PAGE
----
Wow, for a an easy to read book on how to properly understand and interpret the various genres of the books in the Bible Fee and Stuart's 'How to Read the Bible for all its Worth' is indeed worth a read. Fee and Stuart have written in a style that avoids getting bogged down in overtechnical issues which means the average Christian ought to be able to engage with this book. Yet Fee and Stuart do a marvellous job of showing the reader how each genre of the Bible functions in its own right and then ...more
Sep 18, 2016 rated it really liked it
What was really great about this book is the simplicity of it and the willingness to tackle some of the larger issues that the church at large struggle with. There is a companion book entitled How to read the Bible book by book, and it is well worth it to have alongside reading this book.
Pamela Tucker
Aug 20, 2010 rated it it was amazing
I read this book through last year, but it is a book that should be reread and even used as a reference. Everyone has a need to interpret the Bible and this book helps with tools that will help as some read but will not understand everything they read. One thing that people forget while reading is they spent laborious days interpreting the Greek and Hebrew into what now is known as the Bible. Learning to think Contextually is an area most do not consider while reading the various genres. Hermene ...more
Feb 09, 2015 rated it it was amazing  ·  review of another edition
This book was fantastic. It opened my eyes to a lot of important issues in exegesis. It covers the different genres in the Bible, like epistles, narratives, poetry, etc., but also covers the Mosaic law, the Gospels, Psalms, and Revelation separately. I wanted to single out a chapter that was more helpful than others, but I couldn't because they're all great. I suppose my only reservation is the chapter on Bible translations which, while helpful, reads a lot like a long advertisement for the NIV ...more
Aug 13, 2013 rated it it was amazing  ·  review of another edition
This is an excellent book that was recommended to me by my pastors. Although I have read the Bible through many times, the basics of interpretation were pretty much a mystery to me. These authors are very clear about exegesis and hermeneutics. I have friends who are literally afraid of any church that does not preach expositionally because they believe that is how the scriptures are distorted. I believe that whether the Bible is preached topically or expositionally that an understanding of exege ...more
Muoki Musau
Oct 26, 2013 rated it it was amazing
Fantastic from start to finish. I encourage all Christians, whether "seasoned veteran" or "newbie," this book will profoundly - yes, profoundly change how you think about the Bible, and how to read it with greater awareness and understanding. Of course, for those who believe, the Holy Spirit illuminates our understanding, but we also have the responsibility to increase our understanding through the tools available to us. And Drs. Fee and Stuart give an excellent primer to beginning the journey o ...more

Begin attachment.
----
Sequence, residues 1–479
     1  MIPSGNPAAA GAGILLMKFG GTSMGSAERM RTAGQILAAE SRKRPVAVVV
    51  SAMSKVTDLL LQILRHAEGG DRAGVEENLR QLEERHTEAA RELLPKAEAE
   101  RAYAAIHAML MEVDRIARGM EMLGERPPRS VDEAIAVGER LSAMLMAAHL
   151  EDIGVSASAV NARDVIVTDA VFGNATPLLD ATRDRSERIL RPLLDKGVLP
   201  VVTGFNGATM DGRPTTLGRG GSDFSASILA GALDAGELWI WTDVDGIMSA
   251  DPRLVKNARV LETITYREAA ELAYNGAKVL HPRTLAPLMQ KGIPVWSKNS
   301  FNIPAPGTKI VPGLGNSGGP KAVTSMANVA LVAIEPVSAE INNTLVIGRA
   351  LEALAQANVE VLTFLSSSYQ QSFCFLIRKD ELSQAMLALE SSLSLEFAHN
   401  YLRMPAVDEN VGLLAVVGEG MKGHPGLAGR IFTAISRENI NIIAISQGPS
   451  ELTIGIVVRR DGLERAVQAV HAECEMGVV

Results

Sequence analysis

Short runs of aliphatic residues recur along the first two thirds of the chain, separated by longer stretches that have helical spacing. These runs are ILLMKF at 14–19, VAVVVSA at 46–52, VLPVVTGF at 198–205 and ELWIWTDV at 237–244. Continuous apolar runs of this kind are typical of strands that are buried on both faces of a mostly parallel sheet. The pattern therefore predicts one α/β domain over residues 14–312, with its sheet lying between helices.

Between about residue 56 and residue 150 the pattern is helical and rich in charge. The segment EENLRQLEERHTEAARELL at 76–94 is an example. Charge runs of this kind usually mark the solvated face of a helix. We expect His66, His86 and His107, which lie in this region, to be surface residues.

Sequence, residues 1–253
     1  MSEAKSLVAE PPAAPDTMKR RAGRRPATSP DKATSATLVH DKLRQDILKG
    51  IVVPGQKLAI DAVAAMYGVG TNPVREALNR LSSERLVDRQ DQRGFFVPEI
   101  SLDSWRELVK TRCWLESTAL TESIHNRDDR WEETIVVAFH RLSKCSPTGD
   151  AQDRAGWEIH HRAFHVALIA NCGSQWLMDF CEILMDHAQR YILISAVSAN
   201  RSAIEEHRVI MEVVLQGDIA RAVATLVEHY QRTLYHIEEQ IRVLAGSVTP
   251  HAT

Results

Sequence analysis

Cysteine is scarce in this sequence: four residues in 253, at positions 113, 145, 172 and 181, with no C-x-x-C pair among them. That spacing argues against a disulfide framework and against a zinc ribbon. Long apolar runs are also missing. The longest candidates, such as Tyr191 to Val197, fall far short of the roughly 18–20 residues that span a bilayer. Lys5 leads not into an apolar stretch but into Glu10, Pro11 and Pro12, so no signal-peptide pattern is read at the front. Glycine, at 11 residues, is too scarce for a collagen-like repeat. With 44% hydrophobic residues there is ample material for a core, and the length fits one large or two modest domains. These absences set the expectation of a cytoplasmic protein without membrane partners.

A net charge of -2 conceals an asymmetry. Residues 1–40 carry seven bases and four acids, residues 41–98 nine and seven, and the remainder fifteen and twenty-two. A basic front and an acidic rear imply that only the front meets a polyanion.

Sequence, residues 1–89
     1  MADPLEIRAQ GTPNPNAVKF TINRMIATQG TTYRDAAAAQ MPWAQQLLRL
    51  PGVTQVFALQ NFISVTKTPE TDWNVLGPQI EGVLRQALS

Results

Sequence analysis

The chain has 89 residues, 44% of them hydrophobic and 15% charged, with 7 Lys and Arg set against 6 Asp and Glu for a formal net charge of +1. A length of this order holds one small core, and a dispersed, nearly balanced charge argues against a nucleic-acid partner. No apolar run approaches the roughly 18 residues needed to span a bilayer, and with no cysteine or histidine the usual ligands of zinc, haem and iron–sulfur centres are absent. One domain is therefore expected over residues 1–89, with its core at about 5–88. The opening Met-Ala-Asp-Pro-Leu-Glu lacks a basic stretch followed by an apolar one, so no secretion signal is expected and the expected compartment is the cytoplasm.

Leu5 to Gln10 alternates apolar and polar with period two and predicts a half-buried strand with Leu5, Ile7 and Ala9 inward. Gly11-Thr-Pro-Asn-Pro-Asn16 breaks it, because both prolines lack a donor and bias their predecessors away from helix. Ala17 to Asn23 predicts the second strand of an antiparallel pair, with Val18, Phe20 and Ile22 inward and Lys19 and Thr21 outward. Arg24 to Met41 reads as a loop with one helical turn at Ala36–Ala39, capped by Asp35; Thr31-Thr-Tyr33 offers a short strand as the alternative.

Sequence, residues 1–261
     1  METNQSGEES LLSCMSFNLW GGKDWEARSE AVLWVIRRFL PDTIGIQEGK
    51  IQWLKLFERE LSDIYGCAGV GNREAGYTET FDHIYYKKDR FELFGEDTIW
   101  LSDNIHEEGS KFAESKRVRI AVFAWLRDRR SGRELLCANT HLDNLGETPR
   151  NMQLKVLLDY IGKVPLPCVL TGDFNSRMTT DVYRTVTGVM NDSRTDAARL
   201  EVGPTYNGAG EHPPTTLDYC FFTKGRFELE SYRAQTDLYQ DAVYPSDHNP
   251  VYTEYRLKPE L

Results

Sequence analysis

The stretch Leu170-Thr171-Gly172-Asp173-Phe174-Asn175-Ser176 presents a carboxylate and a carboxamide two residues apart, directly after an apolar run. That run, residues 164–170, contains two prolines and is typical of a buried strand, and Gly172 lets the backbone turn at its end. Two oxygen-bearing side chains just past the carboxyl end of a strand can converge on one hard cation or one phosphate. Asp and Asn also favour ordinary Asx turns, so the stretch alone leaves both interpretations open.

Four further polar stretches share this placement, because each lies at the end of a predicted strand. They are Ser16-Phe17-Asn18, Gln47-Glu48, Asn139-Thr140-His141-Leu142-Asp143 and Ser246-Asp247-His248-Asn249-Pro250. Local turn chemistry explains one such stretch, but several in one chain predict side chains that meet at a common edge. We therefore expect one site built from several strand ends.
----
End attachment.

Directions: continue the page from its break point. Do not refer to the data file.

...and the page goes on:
Aug 11, 2011 rated it really liked it  ·  review of another edition
A must for any Bible reader. Laymen should own this book as well as any serious scholar. Fee & Stuart are both very well respected NT & OT scholars. The book lays out some foundational truths that must be learned in order for interpretation to match what was originally intended by the biblical authors. Reading the text of Scripture is not the same as understanding the text of Scripture. This book will help guide you in your understanding of Scripture. Get the 3rd edition though, I just h ...more
Feb 08, 2012 rated it it was ok
If you're a fan of the King James translation, then you WON'T like this book (which tosses out the KJV/NKJV, giving preference to the NIV/TNIV). However, the book gives a survey of the reasons why the KJV should be substituted for a newer translation. Also, as indicated by the title, the book does eventually discuss biblical interpretation (albeit, superficially). The best part of the book is the appendix, listing several sources for further, in-depth, study.
Brad Kittle
Jan 25, 2013 rated it really liked it
Shelves: non-fiction, theology
I learned a great deal from this book. This is an overview of the Bible and provides a way of approaching the Bible from its literary and historical context. I've had a pretty strong suspicion of theologians for years and I think for good reason; but any Bible student becomes a bit of a theologian just by reading the Word and forming views and opinions about what we've read. There are some practical guidelines offered in this book that I think are useful.
Jan 11, 2011 rated it it was amazing
I would not usually say any non-fiction is amazing, but this one is really helpful. It is well written and clarifies so much. The authors give great advice, but more than that they help give you tools you can use to begin to understand and demystify the scriptures for yourself. I almost always try to refresh myself before doing a Bible study or preaching with this handy guide. Very useful and user friendly. Chapters are divided most intuitively.
Apr 18, 2012 rated it really liked it
I read this for school, but being raised Catholic I never got to the core of what the Bible really entailed. This book helps in understanding biblical text and explains the need for a good interpretation of it. If you want to explore spirituality and learn more about God this book will be very helpful.
Nov 04, 2009 rated it it was amazing
Shelves: christianity
I love this book. In addition to the Bible itself, this is one book that every person should read, especially those who are believers. It helped me understand basic issues surrounding biblical interpretation and, in many ways, changed (for the better) the way I read the Bible.
Bob Dijk
Very good book to help you understand and to do justice to the different literay genres of the Bible
Justin Tapp